Warehouse plans spark village fears

AN HISTORIC village green in northeast Essex will be blighted forever if plans to build a giant warehouse get the go-ahead, residents warned last night.

AN HISTORIC village green in northeast Essex will be blighted forever if plans to build a giant warehouse get the go-ahead, residents warned last night.

A maltings company has lodged plans with Tendring District Council to erect a six-metre high metal warehouse near the green.

Residents in the Georgian houses that surround the green are outraged by the proposals and claim their views will be destroyed.

But the company behind the £250,000 plans, Edme Ltd, which has operated out of the village for more than 100 years, said 80 local jobs would be under threat if its application was blocked.


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Members of Mistley Thorn Residents' Association have written to Prince Charles to try to enlist his support for their cause after he took a personal interest in the redevelopment of the village when he visited a few years ago.

They said the warehouse, which would be built in a car park belonging to the firm, would dwarf their houses and halve property prices.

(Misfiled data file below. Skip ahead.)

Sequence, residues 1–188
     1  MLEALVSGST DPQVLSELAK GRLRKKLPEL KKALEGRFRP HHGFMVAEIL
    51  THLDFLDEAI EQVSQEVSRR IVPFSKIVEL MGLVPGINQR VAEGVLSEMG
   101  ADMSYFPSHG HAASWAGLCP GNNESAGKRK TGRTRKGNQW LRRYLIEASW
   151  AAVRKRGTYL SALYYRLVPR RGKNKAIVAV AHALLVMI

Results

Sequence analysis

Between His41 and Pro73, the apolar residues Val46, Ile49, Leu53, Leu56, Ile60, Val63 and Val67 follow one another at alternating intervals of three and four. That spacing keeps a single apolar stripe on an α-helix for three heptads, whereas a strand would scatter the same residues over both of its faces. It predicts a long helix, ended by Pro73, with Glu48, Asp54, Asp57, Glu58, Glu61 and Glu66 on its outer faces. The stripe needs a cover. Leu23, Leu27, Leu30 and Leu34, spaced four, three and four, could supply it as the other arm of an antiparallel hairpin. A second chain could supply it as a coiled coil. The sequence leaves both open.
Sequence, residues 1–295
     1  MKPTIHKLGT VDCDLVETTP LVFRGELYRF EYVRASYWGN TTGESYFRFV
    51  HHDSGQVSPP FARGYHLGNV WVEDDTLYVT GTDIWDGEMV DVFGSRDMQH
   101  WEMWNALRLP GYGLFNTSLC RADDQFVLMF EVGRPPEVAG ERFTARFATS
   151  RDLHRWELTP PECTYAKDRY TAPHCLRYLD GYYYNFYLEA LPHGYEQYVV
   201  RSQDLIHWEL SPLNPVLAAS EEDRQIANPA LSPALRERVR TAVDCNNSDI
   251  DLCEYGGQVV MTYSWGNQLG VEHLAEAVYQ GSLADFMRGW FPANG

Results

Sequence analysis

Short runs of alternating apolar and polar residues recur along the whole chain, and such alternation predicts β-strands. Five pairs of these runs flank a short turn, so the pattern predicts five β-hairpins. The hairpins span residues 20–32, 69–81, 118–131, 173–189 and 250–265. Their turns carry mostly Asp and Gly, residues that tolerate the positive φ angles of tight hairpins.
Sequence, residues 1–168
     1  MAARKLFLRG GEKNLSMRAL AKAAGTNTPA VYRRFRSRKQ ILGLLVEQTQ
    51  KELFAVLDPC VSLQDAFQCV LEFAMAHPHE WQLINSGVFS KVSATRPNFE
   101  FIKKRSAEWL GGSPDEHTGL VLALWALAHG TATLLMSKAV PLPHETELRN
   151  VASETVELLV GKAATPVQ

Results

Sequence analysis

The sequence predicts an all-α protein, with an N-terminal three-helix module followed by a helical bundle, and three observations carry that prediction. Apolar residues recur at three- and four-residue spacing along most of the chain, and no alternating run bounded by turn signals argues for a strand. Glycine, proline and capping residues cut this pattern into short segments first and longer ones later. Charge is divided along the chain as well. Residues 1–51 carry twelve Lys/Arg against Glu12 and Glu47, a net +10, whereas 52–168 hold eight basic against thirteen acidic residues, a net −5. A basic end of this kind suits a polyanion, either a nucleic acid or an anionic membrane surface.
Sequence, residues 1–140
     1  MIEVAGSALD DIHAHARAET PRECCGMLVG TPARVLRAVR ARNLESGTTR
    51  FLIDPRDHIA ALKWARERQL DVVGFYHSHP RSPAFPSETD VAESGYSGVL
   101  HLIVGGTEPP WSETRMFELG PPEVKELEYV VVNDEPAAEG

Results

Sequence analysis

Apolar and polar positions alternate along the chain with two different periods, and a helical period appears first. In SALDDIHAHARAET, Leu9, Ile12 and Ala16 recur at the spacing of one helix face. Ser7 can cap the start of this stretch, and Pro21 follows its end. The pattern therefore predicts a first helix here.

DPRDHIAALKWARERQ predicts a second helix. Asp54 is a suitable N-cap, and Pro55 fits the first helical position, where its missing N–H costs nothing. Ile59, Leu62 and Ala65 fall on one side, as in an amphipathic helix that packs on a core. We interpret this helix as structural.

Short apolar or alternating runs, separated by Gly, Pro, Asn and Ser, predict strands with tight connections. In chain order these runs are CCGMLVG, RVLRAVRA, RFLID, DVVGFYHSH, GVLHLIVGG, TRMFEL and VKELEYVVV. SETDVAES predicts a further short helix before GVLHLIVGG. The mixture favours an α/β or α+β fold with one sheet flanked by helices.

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Geoff Robbins, who owns a large Georgian house on one corner of the green, dismissed suggestions that jobs could go.

He said: "At the moment we have a small and very attractive village green and these Georgian houses were built together in harmony with each other.

"But this disgusting wall of metal will completely dominate and ruin things for everybody.

"Mistley Green is a conservation area and this application clearly fails to preserve or enhance its character."

He added residents had also written to English Heritage, a spokeswoman for whom last night expressed concern, although she stressed the size of the plot under consideration did not warrant their direct intervention.

David Amos, managing director of Edme Ltd, which makes food ingredients for major supermarket chains, said he would welcome the chance to talk to residents about their worries, but insisted the site chosen remained his only option.

"If this warehouse was built near my back garden, I would honestly not have a problem with it," said Mr Amos, who lives in Finchingfield.

"It's not going to be small, but there are plans for landscaping and planting trees around it to keep it well hidden.

He added: "Our customers are demanding higher storage standards and this is why we need the new building – if we don't, jobs will be under threat."

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